Little information is available about Henry Norris’s family circumstances but he may be the individual who had several children by his wife Elizabeth between 1636 and 1654, christened at St Martin-in-the-Fields, including a son, John, christened 11 September 1642. He was living in a large house in Long Acre in 1666 (Hearth Tax records, see Sources below). By 1677 Charles Beale was distinguishing 'old Mr Norris' from 'young Mr Norris', presumably Henry Norris and his son John. Many years later, George Vertue described a portrait by Isaac Fuller of 'Norris the Kings Frame maker, being then a grey haird man', and thus surely depicting Henry Norris, rather than John (Vertue vol.1, p.126).
John Norris: John Norris played an important part in the London art world of the late 17th century. He was living in Long Acre in 1666, like his father, and was listed there in ratebooks in 1683 and 1692 but not in 1700; these ratebooks in Westminster Archives remain to be studied in detail. He was recorded as deceased when he was followed in office by John Howard (qv) on 18 November 1707 (Office-holders in Modern Britain, vol.11), and a warrant was approved in May 1708 to pay his executrix his outstanding bills for picture frames (Calendar of Treasury Books, vol.22, 1950, p.248).
Contrary to assertion, John Norris was not the son of Thompson Norris (Talley 1981 pp.300-1, 372). Nor is there evidence that Thompson Norris was a framemaker. He apparently lived in the household of Mary and Charles Beale, acting as a porter in 1680/1. He may be the individual who married Mary Hill in 1691 at St James Dukes Place, having four daughters christened over the next ten years at St Anne Soho, and who described himself as a joiner in his will in 1720.
In John Norris’s posthumous auction sale, held at his dwelling house in Gerrard St on 19 November 1707, the 129 lots, largely oil paintings, about half of which were portraits, included five by Hales, three by Lely and two by or after Van Dyck including the final lot, King Charles ‘on the white Horse from Vandyke’, measuring 12 feet (British Library, Harley MS 5947, scrapbook kept by John Bagford, information from Richard Stephens).
Framing work by Henry and John Norris: The two Norrises had a considerable business in picture framing. They feature in the diaries and notebooks of three prominent figures in late 17th-century London, Samuel Pepys, Mary Beale and Constantijn Huygens the younger, and subsequently in the notebooks of George Vertue. In 1669, when framing his prints, records visiting 'the frame-maker's, one Norris in Long-Acre, who showed me several forms of frames to choose by; which was pretty, in little bits of mouldings to choose by’ (Robert Latham and William Matthews, The Diary of Samuel Pepys, vol.9, 1976, p.538, 30 April 1669).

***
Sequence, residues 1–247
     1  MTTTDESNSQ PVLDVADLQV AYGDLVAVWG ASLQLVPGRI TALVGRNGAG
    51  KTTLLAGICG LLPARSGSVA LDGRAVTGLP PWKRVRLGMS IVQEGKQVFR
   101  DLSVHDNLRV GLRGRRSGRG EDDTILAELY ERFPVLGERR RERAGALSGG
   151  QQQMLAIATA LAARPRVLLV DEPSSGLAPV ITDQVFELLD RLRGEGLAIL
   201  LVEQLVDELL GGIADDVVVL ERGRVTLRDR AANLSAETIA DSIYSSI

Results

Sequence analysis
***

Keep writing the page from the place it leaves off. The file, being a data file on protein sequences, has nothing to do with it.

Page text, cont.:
Later work for the Crown: The Norris connection with the royal family commenced during King James I’s reign (see above). In 1660, at the restoration of King Charles II, Henry Norris was appointed Joiner of the Privy Chamber. He was paid a salary of £19.11s.8d a year as is confirmed by a series of Treasury warrants (Calendar of Treasury Books, vols 3-7, 1908-16) and his death is documented by a warrant dated 1 December 1684 payable to his executors (vol.7, p.1422).
The Treasury warrants not only refer to John Norris receiving salary payment as his father had done but also provide evidence of payments for particular work including ‘divers picture frames and other necessaries’ from June 1688 for £45.9s, ‘two pictures of their Majesties at length’ provided for Sir William Trumbull, ambassador to Constantinople in 1690 for £75, and three bills for £28.12s payable in 1691 (Calendar of Treasury Book, vols 9-10, 1931-5). Norris was paid £13 a time for supplying carved and gilded frames for Godfrey Kneller’s full-length portraits of the King, and occasionally the Queen, for ambassadors and governors (e.g. National Archives, LC 5/152, p.18). Norris claimed £20.16s for supplying ‘black ebony’ and pearwood frames for chaplains in the royal household, 1693-5, and a gilded frame for ‘His Majesty’s picture at length’, which was sent to Maryland in 1696 (National Archives, LC 5/17, see also DEF, vol.3, pp.21-2). Further research is needed in the Lord Chamberlain’s records on Norris’s work for the Crown.
Between 1693 and 1695 Constantijn Huygens the younger makes several mentions in his journal to being shown works for sale by Norris, presumably John Norris, including various paintings, a portrait miniature by Cooper in 1693, drawings by Lely, and ‘a heap of useless prints’ in 1694. He also describes how the Queen asked him to get Norris to put some prints in black frames in 1694 and how he worked with Norris and Frederick Sonnius, hanging pictures in the new gallery at Kensington Palace in November and December 1695. John Norris was allocated rooms at Kensington Palace for storing pictures in 1697 (National Archives, LC 5/152, p.47). He supplied a gilt frame for the late Queen Mary’s whole length for the Gallery at Kensington in 1699 (National Archives, LC 5/152, p.204).